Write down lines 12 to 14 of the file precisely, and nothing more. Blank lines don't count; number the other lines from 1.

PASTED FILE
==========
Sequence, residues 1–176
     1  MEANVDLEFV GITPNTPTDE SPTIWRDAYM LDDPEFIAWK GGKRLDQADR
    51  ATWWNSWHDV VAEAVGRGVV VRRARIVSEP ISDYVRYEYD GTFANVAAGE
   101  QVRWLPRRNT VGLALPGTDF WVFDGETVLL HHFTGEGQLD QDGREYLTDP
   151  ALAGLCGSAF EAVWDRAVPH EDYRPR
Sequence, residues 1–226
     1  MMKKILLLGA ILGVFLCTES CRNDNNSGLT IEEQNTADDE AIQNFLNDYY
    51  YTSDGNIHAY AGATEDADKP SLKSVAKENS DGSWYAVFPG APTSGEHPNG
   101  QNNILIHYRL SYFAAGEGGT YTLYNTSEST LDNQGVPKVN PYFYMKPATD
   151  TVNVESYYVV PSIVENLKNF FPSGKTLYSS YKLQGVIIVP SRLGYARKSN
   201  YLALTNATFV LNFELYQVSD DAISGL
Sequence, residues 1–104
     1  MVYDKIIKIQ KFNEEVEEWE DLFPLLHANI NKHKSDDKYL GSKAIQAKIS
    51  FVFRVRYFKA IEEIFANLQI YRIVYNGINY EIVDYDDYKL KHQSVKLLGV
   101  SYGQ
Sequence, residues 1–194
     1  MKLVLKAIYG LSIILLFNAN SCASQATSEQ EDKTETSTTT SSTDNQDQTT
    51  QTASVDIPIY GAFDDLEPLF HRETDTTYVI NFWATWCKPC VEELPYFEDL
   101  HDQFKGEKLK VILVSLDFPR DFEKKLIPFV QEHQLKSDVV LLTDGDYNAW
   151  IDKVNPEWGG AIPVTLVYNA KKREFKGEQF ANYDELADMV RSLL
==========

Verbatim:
Sequence, residues 1–104
     1  MVYDKIIKIQ KFNEEVEEWE DLFPLLHANI NKHKSDDKYL GSKAIQAKIS
    51  FVFRVRYFKA IEEIFANLQI YRIVYNGINY EIVDYDDYKL KHQSVKLLGV